Moringa is a small leafy tree that’s native to India, and is gaining popularity with health buffs thanks to its rich nutritional profile and powerful anti-inflammatory and antioxidant properties. Just like most new food trends, the health benefits of the moringa tree have been around for centuries in the East, but only now are we beginning to tap into it’s healing powers in the West. The moringa tree comes under many guises and is also often called the horseradish tree, ben tree, or drumstick tree. There are 13 types of species, but the most widely cultivated is the Moringa oleifera, a small tree from India, Pakistan, and Nepal that has long been used Eastern countries to treat and prevent diseases. Almost all parts of the tree are eaten or utilised as ingredients in herbal medicine, including the pods, roots, bark, flowers, seeds and fruits.

Food, supplement, medicine

The moringa tree, also known as the drumstick tree because of its slender foot-long pods, has been consumed mainly in parts of Southeast Asia for centuries. The plant is distantly related to cruciferous vegetables like broccoli, kale and cabbage, and shares the same nutritious compounds. Its leaves, when tossed on salads or on meat, taste a bit peppery like arugula. Young pods are reminiscent of Chinese long beans, with a hint of spice. Seeds can be eaten or boiled to make salad oil. The fragrant flowers are often used to make tea.

More commonly, the leaves are dried and ground into a powder that’s added to soups, curries and stews. “If it’s dried, it’s much more concentrated, You get a lot more of the nutrients but can certainly lose some of the heat sensitive nutrients, like Vitamin C, in the drying process.” Gambians use the leaves as a protein and iron supplement for mothers and infants. People with diabetes may chew the bitter-tasting seeds to control blood sugar levels. Worldwide, the list of moringa’s medicinal uses is long. People have used it for everything from typhoid to toothaches.

Moringa Oil Protects the Skin and Heals Skin Infections

It’s anti-bacterial and anti-fungal, so it’s going to fight infections both internally and on the skin. Pair that with its ability to reduce inflammation, and it’s a great treatment for acne. Athlete’s foot is a common fungal infection that happens between the toes when feet are too moist in shoes for a long period of time. Moringa is a natural way to get rid of it and helps decrease the stinky odor that’s a result of it. Moringa oil is one of those magical products that works as an astringent, so you can put it on your skin to dry out pimples while leaving it hydrated.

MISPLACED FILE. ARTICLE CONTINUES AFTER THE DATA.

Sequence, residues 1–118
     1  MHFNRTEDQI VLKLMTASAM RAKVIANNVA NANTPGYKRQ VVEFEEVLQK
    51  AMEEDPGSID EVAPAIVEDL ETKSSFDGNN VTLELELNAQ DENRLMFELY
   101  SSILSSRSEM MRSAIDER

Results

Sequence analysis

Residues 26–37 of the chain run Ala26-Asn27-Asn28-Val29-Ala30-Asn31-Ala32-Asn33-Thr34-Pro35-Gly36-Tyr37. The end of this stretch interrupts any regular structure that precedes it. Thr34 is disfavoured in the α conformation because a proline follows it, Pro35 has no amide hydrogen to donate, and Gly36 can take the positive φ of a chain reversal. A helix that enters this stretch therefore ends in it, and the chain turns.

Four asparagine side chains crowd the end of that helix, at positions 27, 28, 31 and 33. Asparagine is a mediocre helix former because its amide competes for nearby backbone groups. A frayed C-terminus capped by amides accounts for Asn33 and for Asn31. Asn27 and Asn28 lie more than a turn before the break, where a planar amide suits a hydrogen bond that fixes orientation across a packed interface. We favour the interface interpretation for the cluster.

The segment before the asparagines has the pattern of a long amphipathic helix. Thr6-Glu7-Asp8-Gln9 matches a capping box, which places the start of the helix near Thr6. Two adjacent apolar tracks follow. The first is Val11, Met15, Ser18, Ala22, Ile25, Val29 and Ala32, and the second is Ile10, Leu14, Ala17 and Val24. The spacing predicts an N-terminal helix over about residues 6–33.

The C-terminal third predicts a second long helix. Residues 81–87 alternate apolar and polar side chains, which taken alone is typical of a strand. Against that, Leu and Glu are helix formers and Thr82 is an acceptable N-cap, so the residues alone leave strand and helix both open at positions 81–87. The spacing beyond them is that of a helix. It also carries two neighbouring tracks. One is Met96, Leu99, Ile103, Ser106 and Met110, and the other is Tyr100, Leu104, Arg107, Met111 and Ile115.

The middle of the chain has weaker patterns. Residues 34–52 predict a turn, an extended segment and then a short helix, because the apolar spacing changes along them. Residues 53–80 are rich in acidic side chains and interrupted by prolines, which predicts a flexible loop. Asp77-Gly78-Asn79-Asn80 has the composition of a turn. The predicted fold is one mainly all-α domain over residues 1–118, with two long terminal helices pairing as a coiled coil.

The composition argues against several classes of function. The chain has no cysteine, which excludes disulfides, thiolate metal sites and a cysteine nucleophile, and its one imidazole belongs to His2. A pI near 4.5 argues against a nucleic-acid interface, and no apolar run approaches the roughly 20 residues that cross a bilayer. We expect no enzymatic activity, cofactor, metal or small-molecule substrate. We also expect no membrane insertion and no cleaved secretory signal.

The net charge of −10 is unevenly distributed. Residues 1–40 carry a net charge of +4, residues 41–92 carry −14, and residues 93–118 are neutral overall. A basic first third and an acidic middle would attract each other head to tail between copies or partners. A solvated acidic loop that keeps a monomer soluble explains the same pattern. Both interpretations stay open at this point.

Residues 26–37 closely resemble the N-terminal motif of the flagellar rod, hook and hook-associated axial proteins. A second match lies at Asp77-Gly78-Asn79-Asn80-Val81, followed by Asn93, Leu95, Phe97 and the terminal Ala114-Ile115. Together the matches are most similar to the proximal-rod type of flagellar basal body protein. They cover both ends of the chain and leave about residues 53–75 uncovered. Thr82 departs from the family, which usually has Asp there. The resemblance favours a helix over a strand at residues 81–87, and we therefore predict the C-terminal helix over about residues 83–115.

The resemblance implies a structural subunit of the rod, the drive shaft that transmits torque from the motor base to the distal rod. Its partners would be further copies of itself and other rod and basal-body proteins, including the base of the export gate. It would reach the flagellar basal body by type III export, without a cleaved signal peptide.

It’s a Natural Way to Control Blood Sugar

Diabetes is a big deal in America. 9.4% of the population has it, and over a quarter million people each year die of complications from it. High blood sugar makes other serious health problems like heart disease even worse, so its health risks are pretty substantial.

Moringa has chlorogenic acid and isothiocyanates in it, which help protect the body against diabetes. Chlorogenic acid controls blood sugar levels by helping cells process glucose.

moringa anti-inflammatory superfood

Moringa Fights Inflammation

moringa bread

An immune system gone wild can cause chronic inflammation and oxidative stress that results in health issues like arthritis, chronic pain, digestion and bowel problems, heart disease, MS, asthma, allergies, cancer, and so much more.

Moringa’s combination of essential amino acids, antioxidants, and phytonutrients work just as well fighting inflammation as anti-inflammatory drugs, according to multiple studies. The great thing about it is that it doesn’t have the same long-term side-effects as conventional medical treatments for these issues.

Moringa’s anti-inflammatory properties can help combat depression and anxiety naturally.

It’s Great for Gut Health

There are plenty of reasons why your gut might be giving you trouble. Maybe you’re making not so great food choices, live or work in an especially toxic environment, or you’ve got a health issue causing the problem. There’s a vicious cycle we can get into with our digestive system; we need it to be healthy, so we can process nutrients, but we need nutrients to keep it healthy! Moringa is packed full of vitamins and minerals, including thiamin, niacin, and vitamins B2 and B3, which help metabolism and the breaking down of food. It also detoxes the liver and gets rid of heavy metals and infections like yeast and H. pylori, a pathogen that can be responsible for ulcers, colitis, and gastritis.

The pods from the moringa seeds have a high concentration of protein in them, and they taste good when they’re roasted (like pumpkin seeds). You can also eat them just like nuts for a quick protein boost.